EU research results


English EN
Stressfully Transmitted Diseases: How your partner’s past stress affects your current and future health

Stressfully Transmitted Diseases: How your partner’s past stress affects your current and future health


Early-life stress can reduce the lifespan of individuals and recent work shows that this lifespan reduction can be transmitted to reproductive partners. However, the mechanisms that allow early-life stress to damage the health of individuals that did not experience early-life stress themselves have been little studied.

The overall aim of this proposal is to examine how the negative effects of early-life stress on longevity are transmitted to social partners, with focus on the neuroendocrine hypothalamic-pituitary-adrenal (HPA) axis. The research objectives are: 1) To determine whether partners become hormonally and behaviourally similar to early-life stressed individuals; 2) To determine whether early-life stressed individuals adversely affect the health of their reproductive partners by ineffectively buffering their partners against stress; 3) To examine whether being paired to a partner that has experienced early life stress influences immune function, oxidative stress, and telomere loss.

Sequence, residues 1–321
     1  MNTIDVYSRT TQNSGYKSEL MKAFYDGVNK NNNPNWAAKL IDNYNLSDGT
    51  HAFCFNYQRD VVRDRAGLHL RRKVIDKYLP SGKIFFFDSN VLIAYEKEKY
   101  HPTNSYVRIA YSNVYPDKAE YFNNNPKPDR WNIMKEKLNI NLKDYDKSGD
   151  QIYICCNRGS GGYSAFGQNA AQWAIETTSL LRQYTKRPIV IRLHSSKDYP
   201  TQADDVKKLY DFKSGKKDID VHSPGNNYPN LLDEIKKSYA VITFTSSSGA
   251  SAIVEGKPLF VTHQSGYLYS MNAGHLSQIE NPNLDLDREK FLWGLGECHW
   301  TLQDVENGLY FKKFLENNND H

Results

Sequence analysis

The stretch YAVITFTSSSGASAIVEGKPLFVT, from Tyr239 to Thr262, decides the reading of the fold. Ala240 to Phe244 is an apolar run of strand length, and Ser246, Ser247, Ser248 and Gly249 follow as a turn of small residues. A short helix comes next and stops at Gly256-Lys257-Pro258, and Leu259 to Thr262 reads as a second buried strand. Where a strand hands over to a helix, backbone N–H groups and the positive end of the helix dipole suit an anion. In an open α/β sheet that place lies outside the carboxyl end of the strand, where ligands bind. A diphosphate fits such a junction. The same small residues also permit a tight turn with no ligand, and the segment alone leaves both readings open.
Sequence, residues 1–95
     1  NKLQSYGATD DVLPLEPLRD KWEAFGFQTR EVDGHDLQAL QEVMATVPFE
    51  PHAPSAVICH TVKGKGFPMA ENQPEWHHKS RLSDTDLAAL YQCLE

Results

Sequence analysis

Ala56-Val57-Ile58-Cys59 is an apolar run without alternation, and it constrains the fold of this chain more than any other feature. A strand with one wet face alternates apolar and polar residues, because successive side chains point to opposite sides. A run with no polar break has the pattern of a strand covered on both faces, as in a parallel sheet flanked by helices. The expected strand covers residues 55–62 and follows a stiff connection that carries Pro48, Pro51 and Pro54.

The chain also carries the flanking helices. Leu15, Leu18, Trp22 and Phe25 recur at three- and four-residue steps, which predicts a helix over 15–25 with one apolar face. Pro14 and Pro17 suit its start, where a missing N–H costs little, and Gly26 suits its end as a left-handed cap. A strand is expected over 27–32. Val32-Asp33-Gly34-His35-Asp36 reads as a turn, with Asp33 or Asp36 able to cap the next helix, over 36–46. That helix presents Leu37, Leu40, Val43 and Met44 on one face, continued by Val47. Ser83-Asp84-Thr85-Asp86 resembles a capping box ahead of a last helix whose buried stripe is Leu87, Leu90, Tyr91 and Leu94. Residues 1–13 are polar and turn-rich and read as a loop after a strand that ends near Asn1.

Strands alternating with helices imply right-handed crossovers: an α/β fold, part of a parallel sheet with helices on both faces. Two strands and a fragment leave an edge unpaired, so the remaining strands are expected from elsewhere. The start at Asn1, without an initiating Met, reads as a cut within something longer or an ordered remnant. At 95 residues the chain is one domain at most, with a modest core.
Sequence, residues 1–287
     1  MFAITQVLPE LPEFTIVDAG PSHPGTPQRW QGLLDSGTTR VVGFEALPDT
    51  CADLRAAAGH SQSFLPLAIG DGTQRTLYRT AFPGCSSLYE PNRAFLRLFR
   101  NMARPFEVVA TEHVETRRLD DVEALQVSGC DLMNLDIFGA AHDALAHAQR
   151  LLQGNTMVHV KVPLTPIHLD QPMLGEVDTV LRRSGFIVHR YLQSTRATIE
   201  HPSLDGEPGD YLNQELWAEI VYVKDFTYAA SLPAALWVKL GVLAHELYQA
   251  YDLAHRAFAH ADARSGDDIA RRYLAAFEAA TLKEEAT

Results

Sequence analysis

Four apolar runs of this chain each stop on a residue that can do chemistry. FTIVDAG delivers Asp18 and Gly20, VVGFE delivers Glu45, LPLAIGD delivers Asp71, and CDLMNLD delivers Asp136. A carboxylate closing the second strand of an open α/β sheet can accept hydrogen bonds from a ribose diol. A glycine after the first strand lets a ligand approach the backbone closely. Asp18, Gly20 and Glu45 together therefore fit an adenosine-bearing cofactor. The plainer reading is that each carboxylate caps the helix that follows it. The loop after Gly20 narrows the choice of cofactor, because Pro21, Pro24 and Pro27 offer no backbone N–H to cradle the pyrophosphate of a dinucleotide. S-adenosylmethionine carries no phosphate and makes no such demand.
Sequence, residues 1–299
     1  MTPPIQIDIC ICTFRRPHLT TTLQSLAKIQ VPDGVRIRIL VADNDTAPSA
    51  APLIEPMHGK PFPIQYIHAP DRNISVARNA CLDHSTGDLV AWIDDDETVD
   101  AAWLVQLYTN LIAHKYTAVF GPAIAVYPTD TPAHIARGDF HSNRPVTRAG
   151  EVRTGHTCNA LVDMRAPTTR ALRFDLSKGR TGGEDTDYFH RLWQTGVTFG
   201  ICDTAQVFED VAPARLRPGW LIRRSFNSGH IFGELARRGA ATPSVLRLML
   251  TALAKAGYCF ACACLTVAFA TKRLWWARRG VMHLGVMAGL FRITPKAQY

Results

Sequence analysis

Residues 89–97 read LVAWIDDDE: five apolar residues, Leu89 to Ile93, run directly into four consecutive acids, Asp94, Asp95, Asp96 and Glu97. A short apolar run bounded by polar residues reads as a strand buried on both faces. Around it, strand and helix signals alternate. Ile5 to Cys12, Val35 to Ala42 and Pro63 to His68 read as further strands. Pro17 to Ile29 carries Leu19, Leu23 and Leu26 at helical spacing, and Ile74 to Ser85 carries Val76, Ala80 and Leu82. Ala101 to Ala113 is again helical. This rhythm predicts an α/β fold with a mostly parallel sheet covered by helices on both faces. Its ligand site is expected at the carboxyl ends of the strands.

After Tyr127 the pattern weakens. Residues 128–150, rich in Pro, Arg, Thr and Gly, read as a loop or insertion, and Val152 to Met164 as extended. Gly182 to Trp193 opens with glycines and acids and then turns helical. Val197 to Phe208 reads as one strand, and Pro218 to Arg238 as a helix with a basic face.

The experienced researcher will be trained by the host in adopting a life history approach to early-life stress and parental care and learn new skills in several areas of physiology and molecular biology to carry out these objectives. She will be trained to combine studies at different biological levels ranging from the molecular to the individual. This training will enhance the experienced researcher’s knowledge in different biological domains and greatly enhance her chances of starting her own independent research group in the EU.
Leaflet | Map data © OpenStreetMap contributors, Credit: EC-GISCO, © EuroGeographics for the administrative boundaries




University Avenue
G12 8qq Glasgow

United Kingdom

Activity type

Higher or Secondary Education Establishments

EU Contribution

€ 183 454,80

Project information

Grant agreement ID: 751356


Ongoing project

  • Start date

    1 May 2017

  • End date

    30 August 2020

Funded under:


  • Overall budget:

    € 183 454,80

  • EU contribution

    € 183 454,80

Coordinated by:


United Kingdom